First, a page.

[caption id="attachment_26356" align="alignnone" width="640"] Photo: Manuel Vitali/DC[/caption]
The NMNM (Nouveau Musée National de Monaco) and UBS Monaco have renewed their partnership, continuing a collaboration that has lasted for five years.
Agnes Falco, Managing Director, General Manager of UBS (Monaco) SA, said: "As an economic actor of Monaco for more than 60 years, it is our responsibility to make a lasting commitment to develop the attractiveness of the market by investing both in the development of our offers and services and in supporting Contemporary Art is part of the DNA of the UBS brand.
Ms Falco added, “This partnership with the NMNM reflects our deep desire to actively participate in the cultural development of the Principality, by allowing the Museum to perfect its collection and to be able to offer an exhibition programme within Villa Paloma and Villa Sauber throughout the year.”
Welcoming the renewal of the bank’s support, Marie-Claude Beaud, Director of the New National Museum of Monaco, commented: “From the beginning of our partnership and to this day, we have been fortunate to have support and understanding of a rare philanthropic quality in relation to our needs and requests.
Thanks to UBS, for the year 2018 and those to come, we will be able to continue our research and carry out a complete programme of amazing and original exhibition projects.”
Among the highlights of the 2018 programme, the NMNM will present an exhibition of ten recent acquisitions that have integrated the Museum's collections with the support of UBS. The artists honoured in this first instalment are Matti Braun, Natalie du Pasquier, Francesco Gennari, Apostolos Georgiou, Jef Geys, Joao Maria Gusmao plus Pedro Paiva, Jean-Michel Sanejouand and Daniel Steegmann Mangrane.
From the beginning, the NMNM, with the support of UBS, has been able to develop important exhibitions and publications but also to acquire works of art. Several projects were also able to be realised in collaboration with the presentation of works from the UBS Art Collection starting with Ed Ruscha's works on paper in 2013, in the Table of Contents of Villa Paloma, a series highlighting a work by an artist honoured John Baldessari in 2014 and Thomas Struth in 2016.
The same year at the NMNM an exhibition by Thomas Demand connected the works of the collection of the UBS Art Collection Museum, and an off-the-wall project was embodied by the immersive installation "cloak" by the British artist Mike Nelson in the Monegasque headquarters of UBS Avenue of Great Britain, then in the process of renovation.
[caption id="attachment_26287" align="alignnone" width="640"] Photo: Ed Wright Images[/caption]
In 2002, Action Innocence was set up in Monaco to talk to school children and adolescents about the dangers of the internet, which nowadays includes cyberbulling, sexual predators, pornography and damaged reputations.
Every year, with the cooperation of the Department of Education, the non-profit organisation has a team of trained psychologists that visit each primary and secondary school throughout the Principality, to explain the associated risks that come with online connectivity and to try to instil an ethic and proper conduct while using the internet.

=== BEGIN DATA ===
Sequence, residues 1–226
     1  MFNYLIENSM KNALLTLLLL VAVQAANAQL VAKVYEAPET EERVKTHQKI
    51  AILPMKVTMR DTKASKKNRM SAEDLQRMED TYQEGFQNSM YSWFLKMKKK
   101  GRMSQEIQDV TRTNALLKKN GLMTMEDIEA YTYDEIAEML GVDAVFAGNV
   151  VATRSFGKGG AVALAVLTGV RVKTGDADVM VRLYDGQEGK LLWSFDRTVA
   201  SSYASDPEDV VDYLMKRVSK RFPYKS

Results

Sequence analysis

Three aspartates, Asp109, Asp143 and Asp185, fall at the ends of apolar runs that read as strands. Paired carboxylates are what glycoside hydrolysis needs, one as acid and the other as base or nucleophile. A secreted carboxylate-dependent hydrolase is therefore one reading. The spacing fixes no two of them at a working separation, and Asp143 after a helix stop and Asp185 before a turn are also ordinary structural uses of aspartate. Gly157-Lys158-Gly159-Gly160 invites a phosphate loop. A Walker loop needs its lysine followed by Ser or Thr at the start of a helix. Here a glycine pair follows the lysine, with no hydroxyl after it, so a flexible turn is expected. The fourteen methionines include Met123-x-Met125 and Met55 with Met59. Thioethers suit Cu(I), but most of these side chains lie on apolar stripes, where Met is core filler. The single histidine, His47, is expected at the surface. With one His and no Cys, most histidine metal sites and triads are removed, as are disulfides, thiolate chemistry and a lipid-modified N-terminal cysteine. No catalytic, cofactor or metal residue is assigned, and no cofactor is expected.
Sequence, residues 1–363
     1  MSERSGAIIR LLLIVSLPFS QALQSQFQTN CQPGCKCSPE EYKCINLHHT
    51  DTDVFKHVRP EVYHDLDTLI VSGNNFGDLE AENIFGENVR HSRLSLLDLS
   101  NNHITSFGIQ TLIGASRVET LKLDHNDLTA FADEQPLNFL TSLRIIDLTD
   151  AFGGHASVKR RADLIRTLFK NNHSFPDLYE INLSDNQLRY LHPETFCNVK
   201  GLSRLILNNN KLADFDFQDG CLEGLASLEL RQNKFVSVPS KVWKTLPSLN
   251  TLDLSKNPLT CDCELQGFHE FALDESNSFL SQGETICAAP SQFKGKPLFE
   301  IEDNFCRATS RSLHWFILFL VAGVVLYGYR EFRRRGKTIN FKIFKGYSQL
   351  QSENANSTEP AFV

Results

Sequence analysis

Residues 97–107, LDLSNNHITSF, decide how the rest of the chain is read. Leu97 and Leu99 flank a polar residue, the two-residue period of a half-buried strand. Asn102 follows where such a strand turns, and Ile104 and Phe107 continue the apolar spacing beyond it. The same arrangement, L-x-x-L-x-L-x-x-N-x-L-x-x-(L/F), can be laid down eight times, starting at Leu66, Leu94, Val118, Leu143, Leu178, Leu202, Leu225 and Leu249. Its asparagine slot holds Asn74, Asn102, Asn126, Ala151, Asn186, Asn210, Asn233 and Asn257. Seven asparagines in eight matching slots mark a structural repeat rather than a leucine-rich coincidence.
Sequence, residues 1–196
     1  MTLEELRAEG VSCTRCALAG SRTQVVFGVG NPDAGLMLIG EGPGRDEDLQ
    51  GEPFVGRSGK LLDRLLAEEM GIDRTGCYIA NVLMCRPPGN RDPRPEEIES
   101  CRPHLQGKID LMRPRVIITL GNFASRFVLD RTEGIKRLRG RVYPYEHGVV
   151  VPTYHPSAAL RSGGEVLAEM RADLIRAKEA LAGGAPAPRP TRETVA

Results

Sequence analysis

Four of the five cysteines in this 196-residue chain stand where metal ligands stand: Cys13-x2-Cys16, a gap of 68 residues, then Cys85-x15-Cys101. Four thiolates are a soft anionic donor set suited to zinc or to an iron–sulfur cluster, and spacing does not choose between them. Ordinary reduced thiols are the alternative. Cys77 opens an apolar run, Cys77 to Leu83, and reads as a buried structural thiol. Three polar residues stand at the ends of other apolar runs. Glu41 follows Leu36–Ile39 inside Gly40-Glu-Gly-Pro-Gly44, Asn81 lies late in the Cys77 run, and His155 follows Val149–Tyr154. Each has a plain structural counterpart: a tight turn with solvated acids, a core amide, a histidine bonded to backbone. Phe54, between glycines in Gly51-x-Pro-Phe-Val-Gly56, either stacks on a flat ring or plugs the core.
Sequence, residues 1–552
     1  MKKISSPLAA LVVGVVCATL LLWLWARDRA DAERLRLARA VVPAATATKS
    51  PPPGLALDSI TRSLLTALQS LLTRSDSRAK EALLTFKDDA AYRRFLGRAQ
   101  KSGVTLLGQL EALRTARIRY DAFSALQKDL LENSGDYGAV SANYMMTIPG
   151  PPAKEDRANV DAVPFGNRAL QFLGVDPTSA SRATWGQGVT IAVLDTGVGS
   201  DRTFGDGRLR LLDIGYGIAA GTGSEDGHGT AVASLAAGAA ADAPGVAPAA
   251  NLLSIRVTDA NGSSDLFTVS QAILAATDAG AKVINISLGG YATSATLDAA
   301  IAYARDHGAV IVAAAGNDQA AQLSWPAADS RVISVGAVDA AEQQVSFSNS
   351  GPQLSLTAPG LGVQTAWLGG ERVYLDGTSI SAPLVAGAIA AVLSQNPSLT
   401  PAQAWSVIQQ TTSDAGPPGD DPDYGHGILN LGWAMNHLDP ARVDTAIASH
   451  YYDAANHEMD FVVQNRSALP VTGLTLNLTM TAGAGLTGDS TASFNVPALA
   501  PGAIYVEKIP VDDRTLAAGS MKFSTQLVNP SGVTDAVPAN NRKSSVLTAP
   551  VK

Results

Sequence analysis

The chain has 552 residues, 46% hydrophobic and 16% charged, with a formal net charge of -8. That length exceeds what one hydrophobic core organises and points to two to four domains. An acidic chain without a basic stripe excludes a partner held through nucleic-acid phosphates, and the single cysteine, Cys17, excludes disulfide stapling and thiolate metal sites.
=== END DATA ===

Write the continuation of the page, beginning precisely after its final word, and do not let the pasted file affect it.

“We don’t shock the students,” Nick Danziger, Vice-President of Action Innocence and award winning photographer, told Monaco Life. “We work very hard to create an awareness in the classroom. And this also means that no child hears the same message twice from our association.”
Over the past fifteen years, more than 53,000 children have benefited from Action Innocence’s prevention program.
Listening to Nick, who sits in on as many of the classroom sessions as he can, my jaw hangs open as I learn what some young people are looking at on their phones, or what they are being exposed to in the world’s best-selling video game – rape or, in another game, as one boy described, the ability to “buy women”; their parents ignorant of the game’s Advisory Warning.
Founded by its president, Louisette Lévy-Soussan Azzoaglio, Action Innocence has one annual fundraiser, the spectacular charity Christmas tree auction in the lobby of the Hotel de Paris, which will take place this Thursday, December 14, at 6:30 pm, in the presence of the association’s patron, HSH Prince Albert II.
“Each year, between 26 to 33 trees are donated by benefactors, and we are hopeful to raise €80,000,” Nick stated.
Part of the monies raised go towards the purchase of safe webcams, ones that cannot be pirated and used by someone with bad intentions, which Action Innocence provides to all students in its prevention campaign.
The funds are also used to pay the salaries of the psychologists and to provide various tools such as educational mousepads and pay for printed materials like posters and helpline cards.
The Christmas tree auction on Thursday is open to the public but get there early, it’s standing room only. If you can’t make it but want to donate €100, download a form from their website.
Action Innocence will hold its next informative meetings for parents on Thursday, February 8, 2018 at 8 pm.
This article addresses the increasing interest by Families on how to be philanthropic, especially from the Millennial (18-35 year olds) members.
There are many reasons, ranging from wealth and tax planning, to brand building, to much more personal motivations, that people may decide to get involved in philanthropy.
Philanthropy is now in vogue, widely celebrated, and adopted as a worthy lifestyle choice amongst the wealthy. We know that philanthropy is on the rise, too. According to the Coutts Million Dollar Donors Report, $56 billion (€47 billion) donations of more than $1 million (€840,000) were made in 2015 – a significant rise from the previous year.